As an initial approach to experiments directed toward effective adoptive immunotherapy for cancer using lymphokine genes, we transferred retrovirally a complementary DNA encoding mouse 7-interferon (IFN-γ) into a specific cytotoxic T-lymphocyte clone, designated E-4, against 203 glioma cells (a 20-methylcholanthrene-induced mouse glioma line) and confirmed the efficacy of IFN-γ production from the exogenous gene on augmentation of tumor targeting. Of five, two gene-transferred sub-clones constitutively produced 8 to 10 times the amount of IFN-γ as compared with the parental E-4. Correspondingly, these two subclones exhibited 2 to 3 times higher killing activity against 203 glioma than the parental cells; the enhancement of the killing activities was abrogated by an adequate addition of anti-IFN-γ antibody. No alteration was seen after the gene transfer in cell surface phenotypes, Thy-1+, Lyt-1-, Lyt-2+,3+» and asialo-GM1-. The surface expression of a major histocompatibility complex Class I antigen, H-2Kb, was not altered remarkably, but the Class II antigen, I-Ab, was partially and slightly enhanced on the two IFN-γ-producing sublines mentioned above on fluorescence-activated cell sorter analysis. Since it is considered that in the vicinity of the constitutively IFN-γ producing cytotoxic T-lymphocyte cells tumor cells are exposed to a high concentration of IFN-γ, the cells may be stimulated to induce or enhance the expression of surface antigens including major histocompatibility complex antigens as well as tumor-associated antigens relevant to immune recognition. The 203 glioma cells pretreated with IFN-γ were more efficiently killed by both the parental E-4 and the gene-transferred sublines. Taken together, the results suggested that the augmented specific tumor-killing activity of our gene-transferred cytotoxic T-lymphocytes was ascribed to the constitutive production of IFN-γ derived from the exogenous gene.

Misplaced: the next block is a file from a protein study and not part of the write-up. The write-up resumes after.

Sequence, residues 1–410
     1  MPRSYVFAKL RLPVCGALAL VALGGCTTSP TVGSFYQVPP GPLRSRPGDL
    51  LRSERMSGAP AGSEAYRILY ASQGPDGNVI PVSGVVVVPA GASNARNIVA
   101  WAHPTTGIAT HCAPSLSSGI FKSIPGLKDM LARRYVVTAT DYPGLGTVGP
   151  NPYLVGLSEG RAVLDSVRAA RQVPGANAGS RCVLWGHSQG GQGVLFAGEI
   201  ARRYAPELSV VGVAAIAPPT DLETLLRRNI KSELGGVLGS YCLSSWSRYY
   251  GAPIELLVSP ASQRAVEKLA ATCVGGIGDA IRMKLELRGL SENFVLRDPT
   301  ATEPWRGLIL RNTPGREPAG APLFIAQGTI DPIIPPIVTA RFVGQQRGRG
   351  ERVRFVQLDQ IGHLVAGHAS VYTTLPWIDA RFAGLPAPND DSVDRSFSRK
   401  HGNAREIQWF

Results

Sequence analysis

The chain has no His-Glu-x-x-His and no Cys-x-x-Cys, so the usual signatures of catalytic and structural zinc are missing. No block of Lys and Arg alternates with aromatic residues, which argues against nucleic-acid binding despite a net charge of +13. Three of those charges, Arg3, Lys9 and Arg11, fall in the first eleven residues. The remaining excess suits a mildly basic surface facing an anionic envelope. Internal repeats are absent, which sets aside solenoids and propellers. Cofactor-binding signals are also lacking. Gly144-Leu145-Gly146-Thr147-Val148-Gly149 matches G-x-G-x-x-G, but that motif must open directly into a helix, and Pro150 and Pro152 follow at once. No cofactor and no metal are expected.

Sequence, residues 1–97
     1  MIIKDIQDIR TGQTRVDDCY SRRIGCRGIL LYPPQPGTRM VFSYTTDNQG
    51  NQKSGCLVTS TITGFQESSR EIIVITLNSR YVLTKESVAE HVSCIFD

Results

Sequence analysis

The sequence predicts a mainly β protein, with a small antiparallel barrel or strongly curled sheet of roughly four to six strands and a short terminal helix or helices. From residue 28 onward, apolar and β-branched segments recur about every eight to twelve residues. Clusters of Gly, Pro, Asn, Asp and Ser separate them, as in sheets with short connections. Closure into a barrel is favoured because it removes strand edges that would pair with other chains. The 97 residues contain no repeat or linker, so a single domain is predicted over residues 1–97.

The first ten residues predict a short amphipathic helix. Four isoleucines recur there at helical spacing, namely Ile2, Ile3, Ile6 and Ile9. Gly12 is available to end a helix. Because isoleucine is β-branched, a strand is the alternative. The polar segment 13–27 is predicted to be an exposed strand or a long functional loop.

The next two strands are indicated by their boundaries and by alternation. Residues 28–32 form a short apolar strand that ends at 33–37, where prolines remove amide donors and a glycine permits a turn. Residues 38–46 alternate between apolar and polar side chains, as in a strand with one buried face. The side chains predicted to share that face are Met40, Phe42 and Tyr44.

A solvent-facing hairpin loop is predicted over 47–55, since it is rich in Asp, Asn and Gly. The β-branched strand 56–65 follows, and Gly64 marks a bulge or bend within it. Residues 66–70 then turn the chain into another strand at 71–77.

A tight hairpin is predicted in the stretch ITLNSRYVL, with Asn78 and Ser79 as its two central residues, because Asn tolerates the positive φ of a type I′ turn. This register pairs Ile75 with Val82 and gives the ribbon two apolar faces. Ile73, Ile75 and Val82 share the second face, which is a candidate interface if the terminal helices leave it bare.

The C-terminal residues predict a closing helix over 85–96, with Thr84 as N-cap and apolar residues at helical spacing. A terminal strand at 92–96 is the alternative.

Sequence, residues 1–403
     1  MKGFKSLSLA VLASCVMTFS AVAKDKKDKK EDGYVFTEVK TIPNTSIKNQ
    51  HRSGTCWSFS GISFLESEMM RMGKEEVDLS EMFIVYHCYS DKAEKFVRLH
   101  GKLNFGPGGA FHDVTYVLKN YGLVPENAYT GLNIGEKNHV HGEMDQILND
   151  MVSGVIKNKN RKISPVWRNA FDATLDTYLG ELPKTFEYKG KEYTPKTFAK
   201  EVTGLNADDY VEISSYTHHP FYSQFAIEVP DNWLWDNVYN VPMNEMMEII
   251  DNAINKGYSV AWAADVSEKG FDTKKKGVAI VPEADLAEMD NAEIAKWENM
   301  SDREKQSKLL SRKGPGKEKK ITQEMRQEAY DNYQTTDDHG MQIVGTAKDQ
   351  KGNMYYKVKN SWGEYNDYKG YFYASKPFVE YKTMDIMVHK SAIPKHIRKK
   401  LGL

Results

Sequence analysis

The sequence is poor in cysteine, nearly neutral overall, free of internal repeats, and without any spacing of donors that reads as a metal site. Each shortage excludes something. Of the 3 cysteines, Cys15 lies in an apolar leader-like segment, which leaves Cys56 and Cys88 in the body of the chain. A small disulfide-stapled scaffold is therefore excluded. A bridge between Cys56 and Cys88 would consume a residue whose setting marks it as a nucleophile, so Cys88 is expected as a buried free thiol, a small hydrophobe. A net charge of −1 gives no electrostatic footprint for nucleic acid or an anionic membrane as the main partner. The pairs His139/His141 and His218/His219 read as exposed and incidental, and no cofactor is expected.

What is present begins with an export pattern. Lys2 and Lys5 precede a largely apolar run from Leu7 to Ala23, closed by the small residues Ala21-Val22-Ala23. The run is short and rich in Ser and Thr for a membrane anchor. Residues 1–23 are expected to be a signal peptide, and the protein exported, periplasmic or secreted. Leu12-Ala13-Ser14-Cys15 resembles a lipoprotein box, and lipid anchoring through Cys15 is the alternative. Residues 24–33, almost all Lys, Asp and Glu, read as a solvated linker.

|Original language||English (US)|
|Number of pages||6|
|State||Published - Sep 1988|
ASJC Scopus subject areas
- Cancer Research